Musharraf: Bin Laden death positive; sees retaliation
DUBAI (Reuters) - Pakistan's former military ruler Pervez Musharraf called Osama bin Laden's death on Monday a "positive step" but criticized the United States for launching the raid on the al Qaeda leader within his country's borders.
Musharraf, who lost power in 2008, told Reuters that Pakistani intelligence ought to have known bin Laden was living near Islamabad. He also said al Qaeda supporters may take revenge against the United States and Pakistan.
Describing the killing as a victory for the people of Pakistan, Musharraf said: "It's a very positive step and it will have positive long-term implications."
"Today we won a battle, but the war against terror will continue," Musharraf said in Dubai, where he has a home.
Bin Laden died in the garrison town of Abbottabad, 35 miles north of Islamabad, where U.S. forces tracked down the al Qaeda leader who had eluded capture for years.
Musharraf said, however, that the operation had infringed on his nation's sovereignty: "It's a violation to have crossed Pakistan's borders," he said in an interview.
Musharraf also criticized Pakistan's intelligence apparatus for failing to find bin Laden, whose group staged the September 11, 2001 attacks on the United States.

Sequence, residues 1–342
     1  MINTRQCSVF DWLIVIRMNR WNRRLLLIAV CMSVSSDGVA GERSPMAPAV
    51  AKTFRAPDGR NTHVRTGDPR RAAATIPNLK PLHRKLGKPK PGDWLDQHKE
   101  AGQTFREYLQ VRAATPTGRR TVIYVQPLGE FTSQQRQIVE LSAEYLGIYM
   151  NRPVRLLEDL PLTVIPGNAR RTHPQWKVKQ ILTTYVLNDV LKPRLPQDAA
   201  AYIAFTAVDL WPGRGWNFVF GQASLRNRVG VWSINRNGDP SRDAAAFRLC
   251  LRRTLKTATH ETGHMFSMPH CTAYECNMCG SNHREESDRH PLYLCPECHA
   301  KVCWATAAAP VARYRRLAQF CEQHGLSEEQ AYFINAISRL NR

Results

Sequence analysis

"It's an intelligence failure," said Musharraf, who quit office to avoid impeachment charges. "The intelligence ought to have known."
Pakistani authorities were told the details of the raid on bin Laden only after it had taken place, highlighting a lack of trust between Washington and Islamabad.
Musharraf called bin Laden's decision to hide near the capital, rather than in the remote regions of the country where he was thought to be hiding, "an intelligent act."
At the same time, Musharraf admitted that the attack came at a time when al Qaeda's influence in Pakistan -- a front line in the United States' fight against Islamist militancy -- had been replaced by growing Taliban influence.
"Osama is a person who declared war on Pakistan and many of the terrorist acts have been linked with al Qaeda, therefore it's a victory for Pakistan," said Musharraf.
Musharraf, who took office in 1999 through a bloodless coup, two years before the attacks on U.S. soil in 2001, repeated his pledge to return to Pakistan before the next elections, due by 2013. He said he did not expect to face arrest if he returns, but has admitted that he fears assassination attempts.
(Reporting by Amena Bakr; writing by Reed Stevenson; editing by David Stamp)
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